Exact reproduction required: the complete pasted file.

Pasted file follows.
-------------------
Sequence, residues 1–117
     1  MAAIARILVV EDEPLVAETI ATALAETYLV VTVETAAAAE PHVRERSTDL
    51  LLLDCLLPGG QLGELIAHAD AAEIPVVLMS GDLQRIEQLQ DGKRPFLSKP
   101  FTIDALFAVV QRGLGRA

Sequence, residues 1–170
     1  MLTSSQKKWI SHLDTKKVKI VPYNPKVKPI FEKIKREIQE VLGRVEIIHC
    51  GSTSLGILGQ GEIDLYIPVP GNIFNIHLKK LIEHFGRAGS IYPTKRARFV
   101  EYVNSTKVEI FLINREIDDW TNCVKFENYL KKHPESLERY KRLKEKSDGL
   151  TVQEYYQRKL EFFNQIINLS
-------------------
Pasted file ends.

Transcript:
Sequence, residues 1–117
     1  MAAIARILVV EDEPLVAETI ATALAETYLV VTVETAAAAE PHVRERSTDL
    51  LLLDCLLPGG QLGELIAHAD AAEIPVVLMS GDLQRIEQLQ DGKRPFLSKP
   101  FTIDALFAVV QRGLGRA

Sequence, residues 1–170
     1  MLTSSQKKWI SHLDTKKVKI VPYNPKVKPI FEKIKREIQE VLGRVEIIHC
    51  GSTSLGILGQ GEIDLYIPVP GNIFNIHLKK LIEHFGRAGS IYPTKRARFV
   101  EYVNSTKVEI FLINREIDDW TNCVKFENYL KKHPESLERY KRLKEKSDGL
   151  TVQEYYQRKL EFFNQIINLS